Stay in touch and stay competitive with the latest platforms and tools.

Countless tasks are required of you as a business owner and natural products retailer. Sometimes, you are spread too thin, or feel powerless to effect the changes you’d love to see for your store. Alas, there’s only so much one human being with one staff can do. Well, how about acquiring a few electronic allies, or upgrading the ones you have?

Going Mobile
Just about everybody today is online. “Now that shoppers turn to the Web first to make health and wellness decisions, we help retailers take advantage of this trend,” says Bill Schneider, director of marketing for Aisle7, Portland, OR. But the key for commerce, in the present moment, is to figure out where they are online. “Mobile is an area of particular interest. According to numerous sources, mobile web traffic will eclipse desktop traffic sometime in 2014,” he says.

But the mobile revolution does not need to be left entirely up to consumers. With the service suites available to retailers today, Schneider says, shoppers can find the tools they need on store Web sites, on mobile phones and in stores to make good health decisions. “Retailers are being increasingly presented with technological advances in mobile and video applications that help educate and communicate with consumers,” says Geoffrey Robinson, president of Digital Earth Network, Sarasota, FL.

Traditional Web sites don’t tend to translate well when viewed on mobile devices, so a mobile optimization set up is often needed. There are, of course, special benefits from making your store’s and your vendors’ brand messaging available for customers on the go. A mobile brand Web site that Robinson’s company created for a cosmetics firm, for instance, includes a robust education section featuring questions about hair and skin type. Once consumers answer these questions, they are directed to products best suited to their needs.

Ideally, communications with the mobile consumer can include features like coupon delivery, store information, health content and alerts about upcoming store events, explains Dan Clarke, CEO of Living Naturally, Venice, FL. “This personal contact with the customer is a crucial step in building and securing a loyal customer base,” he says. His company, for instance, has created a tool that can deliver a store-branded mobile application directly to customers’ smartphones.

Health on Demand
Schneider indicates that over 86% of “mobile moms” use their phones while grocery shopping. This is why he claims the next frontier for grocery stores involves mobile decision-making tools for in-aisle use. His company, he says, is just rolling out its first offering in that vein, called Mobile Vitamin Advisor. Activated through quick response (QR) codes, this tool can provide shoppers with science-based supplement recommendations based on their personal health, lifestyle and dietary choices. Once the QR code is scanned, a quick questionnaire pops up that feeds into an algorithm, which then provides a personalized report displaying helpful supplement options.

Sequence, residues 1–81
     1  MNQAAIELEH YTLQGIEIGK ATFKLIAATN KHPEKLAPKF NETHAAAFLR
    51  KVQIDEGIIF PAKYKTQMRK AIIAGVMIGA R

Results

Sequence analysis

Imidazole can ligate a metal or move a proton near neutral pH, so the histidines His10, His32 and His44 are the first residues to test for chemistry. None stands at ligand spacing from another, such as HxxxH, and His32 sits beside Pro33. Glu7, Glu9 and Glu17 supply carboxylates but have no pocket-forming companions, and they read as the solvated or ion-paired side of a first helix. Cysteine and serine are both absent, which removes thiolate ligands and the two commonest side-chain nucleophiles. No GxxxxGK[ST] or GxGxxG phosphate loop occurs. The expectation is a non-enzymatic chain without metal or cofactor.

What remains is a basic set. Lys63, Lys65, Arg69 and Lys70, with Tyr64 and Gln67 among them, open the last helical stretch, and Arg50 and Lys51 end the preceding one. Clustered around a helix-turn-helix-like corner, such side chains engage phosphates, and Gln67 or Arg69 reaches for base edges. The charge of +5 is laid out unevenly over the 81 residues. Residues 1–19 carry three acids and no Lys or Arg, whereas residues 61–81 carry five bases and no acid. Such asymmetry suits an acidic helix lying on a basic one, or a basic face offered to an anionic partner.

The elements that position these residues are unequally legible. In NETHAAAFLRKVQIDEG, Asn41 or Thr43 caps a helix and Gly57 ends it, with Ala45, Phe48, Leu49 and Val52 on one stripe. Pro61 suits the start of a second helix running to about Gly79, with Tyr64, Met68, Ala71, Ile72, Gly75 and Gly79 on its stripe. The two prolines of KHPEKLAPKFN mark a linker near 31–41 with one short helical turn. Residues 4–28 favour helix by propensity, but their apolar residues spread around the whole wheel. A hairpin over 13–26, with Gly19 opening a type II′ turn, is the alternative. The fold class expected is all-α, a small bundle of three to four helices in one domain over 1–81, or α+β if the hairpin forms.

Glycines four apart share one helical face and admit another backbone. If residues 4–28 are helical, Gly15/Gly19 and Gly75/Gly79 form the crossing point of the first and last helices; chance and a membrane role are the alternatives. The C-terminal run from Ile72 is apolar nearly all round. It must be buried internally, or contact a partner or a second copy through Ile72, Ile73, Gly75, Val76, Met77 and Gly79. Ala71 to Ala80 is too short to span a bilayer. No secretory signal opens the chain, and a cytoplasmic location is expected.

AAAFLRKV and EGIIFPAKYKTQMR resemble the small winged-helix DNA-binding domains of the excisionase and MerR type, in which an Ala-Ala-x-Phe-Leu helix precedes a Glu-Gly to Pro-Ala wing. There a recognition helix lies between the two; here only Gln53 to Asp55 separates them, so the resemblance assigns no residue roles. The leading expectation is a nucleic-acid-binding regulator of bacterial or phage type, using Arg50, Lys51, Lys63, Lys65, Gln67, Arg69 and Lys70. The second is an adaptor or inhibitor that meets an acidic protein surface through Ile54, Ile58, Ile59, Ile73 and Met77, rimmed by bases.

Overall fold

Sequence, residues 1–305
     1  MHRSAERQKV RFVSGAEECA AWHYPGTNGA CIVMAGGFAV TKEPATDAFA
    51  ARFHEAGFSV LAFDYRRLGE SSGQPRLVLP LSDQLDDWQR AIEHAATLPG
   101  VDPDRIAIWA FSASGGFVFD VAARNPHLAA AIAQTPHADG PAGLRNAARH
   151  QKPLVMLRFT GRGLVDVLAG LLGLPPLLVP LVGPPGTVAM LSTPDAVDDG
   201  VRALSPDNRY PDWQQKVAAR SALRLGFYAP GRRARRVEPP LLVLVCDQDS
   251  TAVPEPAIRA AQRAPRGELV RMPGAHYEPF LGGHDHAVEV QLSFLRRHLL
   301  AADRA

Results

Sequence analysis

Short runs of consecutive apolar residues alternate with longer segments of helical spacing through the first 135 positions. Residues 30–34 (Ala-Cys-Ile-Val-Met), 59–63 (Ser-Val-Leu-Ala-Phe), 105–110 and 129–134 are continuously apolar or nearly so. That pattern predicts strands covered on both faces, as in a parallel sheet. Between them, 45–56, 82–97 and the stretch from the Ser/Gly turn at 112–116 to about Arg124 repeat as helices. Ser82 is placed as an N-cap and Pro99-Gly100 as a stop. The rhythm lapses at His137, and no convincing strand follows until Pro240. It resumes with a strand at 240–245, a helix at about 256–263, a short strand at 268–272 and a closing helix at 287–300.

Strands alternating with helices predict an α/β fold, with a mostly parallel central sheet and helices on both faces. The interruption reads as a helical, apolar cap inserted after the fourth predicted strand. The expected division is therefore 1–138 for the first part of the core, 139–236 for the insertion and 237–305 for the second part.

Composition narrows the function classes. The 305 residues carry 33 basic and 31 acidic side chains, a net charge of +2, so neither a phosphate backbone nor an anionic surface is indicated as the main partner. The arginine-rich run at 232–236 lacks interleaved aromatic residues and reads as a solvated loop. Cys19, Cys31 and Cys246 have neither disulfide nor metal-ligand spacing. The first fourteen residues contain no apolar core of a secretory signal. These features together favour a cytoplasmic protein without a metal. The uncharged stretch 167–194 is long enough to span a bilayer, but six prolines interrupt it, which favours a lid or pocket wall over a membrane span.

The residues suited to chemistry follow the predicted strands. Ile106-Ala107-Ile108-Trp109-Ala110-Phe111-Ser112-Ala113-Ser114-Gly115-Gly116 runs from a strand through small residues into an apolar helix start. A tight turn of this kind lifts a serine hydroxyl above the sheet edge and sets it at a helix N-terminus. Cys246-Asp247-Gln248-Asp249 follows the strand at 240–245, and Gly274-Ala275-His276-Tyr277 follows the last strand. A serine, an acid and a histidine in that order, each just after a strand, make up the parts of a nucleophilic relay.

A similar product is available for retailer Web sites, and will be available at in-store kiosks as well, so non-mobile users can access this information while shopping. It can be customized to support a retailer’s brand message. Choosing between supplements can be confusing for consumers, especially those new to the subject, says Schneider. Tools like these increase confidence, and have proven to increase “add to cart” rates on the Web. He believes the same will hold true of the mobile offering.

Made to Order
“Certainly, our industry has made a big leap toward greater efficiency over the years with the institution of intelligent, electronic ordering. The purchasing process has always been something retailers have strived to streamline, allowing them to spend more time where it matters most—on the sales floor,” says Clarke. Prepare to spend even more time on the sales floor, while making more informed ordering choices in a more efficient manner.

Retailers are now better able to empower themselves, and manufacturers to empower their retail representatives, with what Robnison calls Business Intelligence. “This is just the beginning of a paradigm shift in the arena of B2B mobile tools that help retailers and manufacturers alike reach and market to consumers more effectively,” he says. These powered-up ordering systems can be  “platform independent.” Representatives and retailers will, of course, use a variety of mobile devices, so the ability to access this technology from virtually any device is important. “We call it BYOD (bring your own device), which means that regardless of the phone, tablet or equipment you are using, you are able to utilize our software seamlessly,” says Robinson.

“At the shelf” access can give unprecedented insight into product performance and demand. “A retailer or rep can log in to the ordering site and see how a product is selling nationally, regionally or by state,” Robinson says. There is also the pre-programmed ability to create a list of best-selling items that your store isn’t currently carrying, helping you to spot trends you are not taking advantage of with a simple click, as Robinson explains.

Demand-based ordering, like that available with DemandFill from ECR Software Corp., Boone, NC, can provide dramatic results, according to Ashlee Olson, vice president of marketing. This advanced method of inventory management and integration with one’s suppliers is suggestion-based, and when combined with her company’s electronic ordering system, allows for order transfer to all suppliers.